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|Entrepreneurs remain inspirations for Vietnamese youth|
According to the report, over 23 million (25 per cent) of the population are youth aged 16 to 30. Of them, 43 per cent want to become entrepreneurs, followed by working in the media and communications (37 per cent), education (22 per cent), technology (20 per cent), NGO and government (17 per cent), and financial sectors (11 per cent). Only a small proportion of the respondents seek careers in transportation (8 per cent) and energy (5 per cent).
It is worth noting that while there is an increasing demand for digital skills in the country, these were the least cited among the skills that need development.
Instead, around half of the young people surveyed would like to further gain self-leadership (53 per cent) and interpersonal skills (48 per cent). This is followed by reskilling in cognitive and advanced digital skills (37 per cent) and basic digital skills (28 per cent).
Vietnam is also undergoing a shift from a factor-driven to an efficiency-driven economy, where low-productivity manual jobs are being overtaken by skill-intensive non-manual jobs.
However, young people’s qualifications struggle to match employers’ requirements and firms also tend to value experience over educational attainment.
Upskilling and reskilling through internships, apprenticeships, work placements, and other work-integrated training are necessary to bridge the skills gap and develop young people’s readiness to meet labour demands.
The report also reveals that Vietnamese young people have been affected by the restrictive policy measures as a result of the pandemic. The unemployment rate for this group rose from 6.5 per cent pre-pandemic to 7.5 per cent in the second quarter of 2021, which is almost three times higher than the average unemployment rate.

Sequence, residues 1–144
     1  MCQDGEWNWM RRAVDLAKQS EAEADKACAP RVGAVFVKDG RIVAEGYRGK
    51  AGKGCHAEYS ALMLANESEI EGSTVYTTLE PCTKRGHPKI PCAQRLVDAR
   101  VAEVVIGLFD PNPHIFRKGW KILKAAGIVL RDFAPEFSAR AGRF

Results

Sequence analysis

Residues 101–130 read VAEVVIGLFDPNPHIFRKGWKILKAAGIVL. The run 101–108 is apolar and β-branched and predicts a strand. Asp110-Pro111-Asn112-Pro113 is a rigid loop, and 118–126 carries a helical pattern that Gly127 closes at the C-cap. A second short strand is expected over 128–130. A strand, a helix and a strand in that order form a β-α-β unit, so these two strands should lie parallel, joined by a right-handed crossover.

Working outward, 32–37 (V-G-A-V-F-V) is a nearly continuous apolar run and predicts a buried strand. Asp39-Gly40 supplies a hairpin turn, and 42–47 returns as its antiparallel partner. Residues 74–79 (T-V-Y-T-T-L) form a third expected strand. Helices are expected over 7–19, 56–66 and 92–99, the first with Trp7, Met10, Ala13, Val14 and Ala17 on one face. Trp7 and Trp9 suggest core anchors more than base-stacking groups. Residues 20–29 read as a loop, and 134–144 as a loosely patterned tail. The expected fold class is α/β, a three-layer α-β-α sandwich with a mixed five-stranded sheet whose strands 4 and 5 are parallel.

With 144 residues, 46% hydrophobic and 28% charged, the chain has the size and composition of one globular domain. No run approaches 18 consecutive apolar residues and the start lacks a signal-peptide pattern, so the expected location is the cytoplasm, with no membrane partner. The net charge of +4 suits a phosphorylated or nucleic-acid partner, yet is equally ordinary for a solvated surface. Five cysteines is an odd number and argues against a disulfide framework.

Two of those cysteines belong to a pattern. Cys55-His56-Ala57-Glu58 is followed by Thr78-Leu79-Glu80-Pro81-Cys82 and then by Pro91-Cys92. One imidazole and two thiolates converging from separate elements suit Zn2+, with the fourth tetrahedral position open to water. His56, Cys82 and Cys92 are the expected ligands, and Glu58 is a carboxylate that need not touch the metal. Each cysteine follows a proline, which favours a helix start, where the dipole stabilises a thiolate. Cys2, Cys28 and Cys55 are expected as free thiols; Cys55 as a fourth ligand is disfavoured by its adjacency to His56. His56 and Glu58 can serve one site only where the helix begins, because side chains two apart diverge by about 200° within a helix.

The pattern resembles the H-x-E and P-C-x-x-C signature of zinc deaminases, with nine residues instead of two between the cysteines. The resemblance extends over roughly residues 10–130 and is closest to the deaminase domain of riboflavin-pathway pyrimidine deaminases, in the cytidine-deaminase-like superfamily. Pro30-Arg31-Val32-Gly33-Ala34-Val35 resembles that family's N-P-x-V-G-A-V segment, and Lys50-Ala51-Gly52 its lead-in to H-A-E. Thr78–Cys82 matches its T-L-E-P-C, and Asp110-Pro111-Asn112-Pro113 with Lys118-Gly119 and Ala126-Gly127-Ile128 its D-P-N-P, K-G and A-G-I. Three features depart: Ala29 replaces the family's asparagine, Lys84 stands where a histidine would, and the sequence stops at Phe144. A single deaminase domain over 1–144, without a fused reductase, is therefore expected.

The pandemic has also disproportionately disadvantaged women in the Vietnamese labour market. In contrast to the decrease in young men’s unemployment rate from 5.7 to 5.2 per cent in the third and fourth quarters of 2020, a slight increase from 9.1 to 9.2 per cent was noted for young women.
Compared to men, women are also generally found in lower-quality employment where they earn less despite comparable working hours. They are also overrepresented in vulnerable employment sectors – such as supporting a small family business – and underrepresented in decision-making jobs.
The report says that the younger generation needs to play a critical role in the nation’s development. Unemployment among young people indicates unutilised labour potential and negatively affects growth. Therefore, addressing this issue by bridging education and access to employment is essential to prepare young people to enter the job market and gain long-term employment.
Along with the report, the ASEAN Foundation also launched an online job information centre ASEANJobs.org. The website will serve as a sustainable solution to help young people in ASEAN connect with employers from across the region and secure job opportunities.